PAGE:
The Reserve Bank of India, citing its powers as banking regulator, has put on hold the salaries of Chief Executive Officers of three private sector banks, ING Vysya Bank, Axis Bank and Development Credit Bank, arguing that these are inflated and not in sync with the market.
Incidentally, all three banks have recently hired CEOs from outside their ranks. Shikha Sharma, for instance, joined Axis Bank, the third largest private bank in India, as its Managing Director and CEO from ICICI Prudential Life Insurance Company where she was the Managing Director and CEO.
Murali Natrajan has joined as CEO of Development Credit Bank from Standard Chartered Bank where he was the global head for SME (Small and Medium Enterprise) banking. Gautam Vir is yet to join ING Vysya Bank following the RBI’s objection. He was CEO of Development Credit Bank earlier.
The RBI derives its powers to intervene on issues such as compensation of bank CEOs from the Banking Regulation Act. In fact, the Act empowers the RBI to even issue directions to banks to fix salaries at certain levels.
In the case of Shikha Sharma, the central bank did not find her new compensation package justifiable. It has written back to the bank suggesting an alternate and “acceptable” package. Sharma refused to comment but confirmed that the RBI did not agree with the package originally offered to her by Axis Bank. Vir and Natrajan were unavailable for comment.
When contacted, an RBI spokesperson said the central bank would respond only tomorrow.
The salaries of the CEOs, decided by their boards, are not known. But Sharma, who joined Axis Bank yesterday, had an annual salary package of about Rs 2.03 crore in her previous job at ICICI Pru Life Insurance Company, according to an ICICI bank executive. Vaughn Richtor, who retired as ING Vysya’s CEO recently, had an annual salary of Rs 1.1 crore.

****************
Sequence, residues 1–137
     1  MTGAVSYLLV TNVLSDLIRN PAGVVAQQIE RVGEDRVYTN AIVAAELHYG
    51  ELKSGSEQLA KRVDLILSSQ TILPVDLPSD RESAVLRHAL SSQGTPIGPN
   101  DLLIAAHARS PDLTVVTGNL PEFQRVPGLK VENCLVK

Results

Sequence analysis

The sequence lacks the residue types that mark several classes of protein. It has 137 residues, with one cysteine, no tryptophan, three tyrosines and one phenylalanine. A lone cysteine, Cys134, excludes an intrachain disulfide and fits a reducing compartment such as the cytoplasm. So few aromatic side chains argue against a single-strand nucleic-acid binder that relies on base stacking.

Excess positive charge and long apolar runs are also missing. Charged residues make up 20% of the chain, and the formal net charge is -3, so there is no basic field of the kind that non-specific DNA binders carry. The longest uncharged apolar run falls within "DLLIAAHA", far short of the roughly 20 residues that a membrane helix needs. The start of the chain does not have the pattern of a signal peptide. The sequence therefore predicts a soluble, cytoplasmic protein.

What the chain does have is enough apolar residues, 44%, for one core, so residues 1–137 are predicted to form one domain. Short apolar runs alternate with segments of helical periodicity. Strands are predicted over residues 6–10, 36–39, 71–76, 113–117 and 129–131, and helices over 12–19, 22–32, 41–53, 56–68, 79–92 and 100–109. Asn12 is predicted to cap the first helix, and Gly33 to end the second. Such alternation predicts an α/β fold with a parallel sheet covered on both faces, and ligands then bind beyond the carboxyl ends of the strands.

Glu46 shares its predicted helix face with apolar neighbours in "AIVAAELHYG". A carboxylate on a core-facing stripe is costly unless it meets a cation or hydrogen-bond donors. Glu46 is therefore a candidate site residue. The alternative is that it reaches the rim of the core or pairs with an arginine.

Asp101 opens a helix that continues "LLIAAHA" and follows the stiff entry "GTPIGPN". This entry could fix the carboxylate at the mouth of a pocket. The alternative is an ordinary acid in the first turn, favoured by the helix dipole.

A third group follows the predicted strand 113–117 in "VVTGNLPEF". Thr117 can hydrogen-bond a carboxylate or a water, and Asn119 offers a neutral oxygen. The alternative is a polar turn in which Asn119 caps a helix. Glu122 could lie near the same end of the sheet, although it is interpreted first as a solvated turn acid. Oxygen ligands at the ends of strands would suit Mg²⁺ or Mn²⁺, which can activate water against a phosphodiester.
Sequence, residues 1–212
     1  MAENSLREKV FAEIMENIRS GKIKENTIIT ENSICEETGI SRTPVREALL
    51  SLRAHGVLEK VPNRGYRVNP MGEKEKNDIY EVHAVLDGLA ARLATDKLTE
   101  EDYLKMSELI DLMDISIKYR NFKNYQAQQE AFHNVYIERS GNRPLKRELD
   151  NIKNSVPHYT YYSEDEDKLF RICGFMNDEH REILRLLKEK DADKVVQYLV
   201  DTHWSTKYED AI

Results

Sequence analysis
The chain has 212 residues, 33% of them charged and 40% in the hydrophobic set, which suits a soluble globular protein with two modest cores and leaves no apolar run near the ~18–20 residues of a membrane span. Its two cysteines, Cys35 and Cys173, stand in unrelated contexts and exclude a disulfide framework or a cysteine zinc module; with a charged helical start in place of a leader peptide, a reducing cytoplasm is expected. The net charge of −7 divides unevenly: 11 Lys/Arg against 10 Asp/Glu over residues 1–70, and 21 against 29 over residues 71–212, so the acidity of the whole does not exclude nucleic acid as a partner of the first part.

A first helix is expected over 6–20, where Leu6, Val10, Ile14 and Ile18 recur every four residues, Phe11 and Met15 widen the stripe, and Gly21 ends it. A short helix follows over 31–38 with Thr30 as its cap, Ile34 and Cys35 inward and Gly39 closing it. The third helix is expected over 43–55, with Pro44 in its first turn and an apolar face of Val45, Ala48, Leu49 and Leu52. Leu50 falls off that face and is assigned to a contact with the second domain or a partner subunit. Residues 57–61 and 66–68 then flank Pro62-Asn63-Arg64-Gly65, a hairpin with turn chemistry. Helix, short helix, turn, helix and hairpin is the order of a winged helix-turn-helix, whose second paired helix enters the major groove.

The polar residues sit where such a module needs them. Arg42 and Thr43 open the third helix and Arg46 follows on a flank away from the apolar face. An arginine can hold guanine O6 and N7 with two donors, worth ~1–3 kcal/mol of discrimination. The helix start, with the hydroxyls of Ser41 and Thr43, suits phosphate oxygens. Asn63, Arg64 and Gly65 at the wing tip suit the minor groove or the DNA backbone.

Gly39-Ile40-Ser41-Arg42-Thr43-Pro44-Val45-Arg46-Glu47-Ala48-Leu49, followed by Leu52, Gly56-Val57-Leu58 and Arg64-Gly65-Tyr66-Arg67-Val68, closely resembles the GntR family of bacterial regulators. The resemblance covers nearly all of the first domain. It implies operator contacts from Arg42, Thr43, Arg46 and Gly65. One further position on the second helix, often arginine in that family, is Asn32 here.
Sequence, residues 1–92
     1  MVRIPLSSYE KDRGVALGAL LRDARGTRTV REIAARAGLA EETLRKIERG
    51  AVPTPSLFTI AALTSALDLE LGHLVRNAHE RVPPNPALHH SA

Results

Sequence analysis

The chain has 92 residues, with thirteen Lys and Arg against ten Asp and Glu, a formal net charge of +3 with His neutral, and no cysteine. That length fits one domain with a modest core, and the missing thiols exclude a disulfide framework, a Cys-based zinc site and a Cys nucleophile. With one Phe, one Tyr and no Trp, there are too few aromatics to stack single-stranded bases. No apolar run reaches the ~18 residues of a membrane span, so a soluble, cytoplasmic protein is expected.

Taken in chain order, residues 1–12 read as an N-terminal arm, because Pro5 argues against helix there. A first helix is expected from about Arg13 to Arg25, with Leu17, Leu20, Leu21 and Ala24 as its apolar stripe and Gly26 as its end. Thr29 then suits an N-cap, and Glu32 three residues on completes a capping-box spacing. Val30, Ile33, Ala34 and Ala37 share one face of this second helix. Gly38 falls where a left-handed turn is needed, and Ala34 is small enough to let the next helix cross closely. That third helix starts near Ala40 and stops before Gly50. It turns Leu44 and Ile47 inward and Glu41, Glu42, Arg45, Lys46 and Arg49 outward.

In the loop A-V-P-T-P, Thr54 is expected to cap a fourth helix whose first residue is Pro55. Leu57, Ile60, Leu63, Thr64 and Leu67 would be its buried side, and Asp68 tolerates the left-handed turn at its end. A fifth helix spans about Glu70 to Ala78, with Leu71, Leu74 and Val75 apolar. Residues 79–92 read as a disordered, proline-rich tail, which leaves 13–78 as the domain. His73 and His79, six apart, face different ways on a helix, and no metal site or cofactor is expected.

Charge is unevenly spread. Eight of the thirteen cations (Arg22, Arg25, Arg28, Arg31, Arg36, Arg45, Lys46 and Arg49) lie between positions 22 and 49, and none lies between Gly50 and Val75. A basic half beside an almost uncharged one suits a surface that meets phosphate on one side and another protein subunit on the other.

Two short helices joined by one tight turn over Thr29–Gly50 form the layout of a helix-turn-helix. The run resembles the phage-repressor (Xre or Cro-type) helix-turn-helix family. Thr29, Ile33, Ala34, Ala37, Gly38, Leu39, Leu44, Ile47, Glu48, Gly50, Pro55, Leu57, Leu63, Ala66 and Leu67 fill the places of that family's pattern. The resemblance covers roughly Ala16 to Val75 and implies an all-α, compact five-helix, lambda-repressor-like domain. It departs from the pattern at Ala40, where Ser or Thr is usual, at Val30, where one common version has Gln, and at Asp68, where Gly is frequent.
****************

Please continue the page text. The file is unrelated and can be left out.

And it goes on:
At ICICI Pru, Sharma was in the same salary bracket as Chanda D Kochhar, the new MD and CEO of ICICI Bank, the latter’s annual cost to company being Rs 2.05 crore, which was approved by the RBI in February this year.
Kochhar’s predecessor KV Kamath had an annual salary of Rs 2.8 crore. Now he gets an honorarium of Rs 20 lakh a year as ICICI Bank’s non-executive Chairman.
Though the RBI does not have clear guidelines or parameters on CEO compensation in banks, it is said to be guided by the size of the banks. Multinational banks, though under RBI’s regulatory framework, escape such strictures. In India, according to a banker in a top private bank, the CEO salaries can be broadly categorized thus: Rs 1 crore for public sector banks; Rs 2-3.5 crore for private sector banks and Rs 8-9 crore for foreign banks.
Sources said the RBI cites the public outrage in the US against banking CEOs’ salaries and subsequent moves on salary caps. However, US salaries (which include bonuses and stock options) run into millions of dollars. And the caps imposed apply to only those banks that have used taxpayers’ money for a bailout.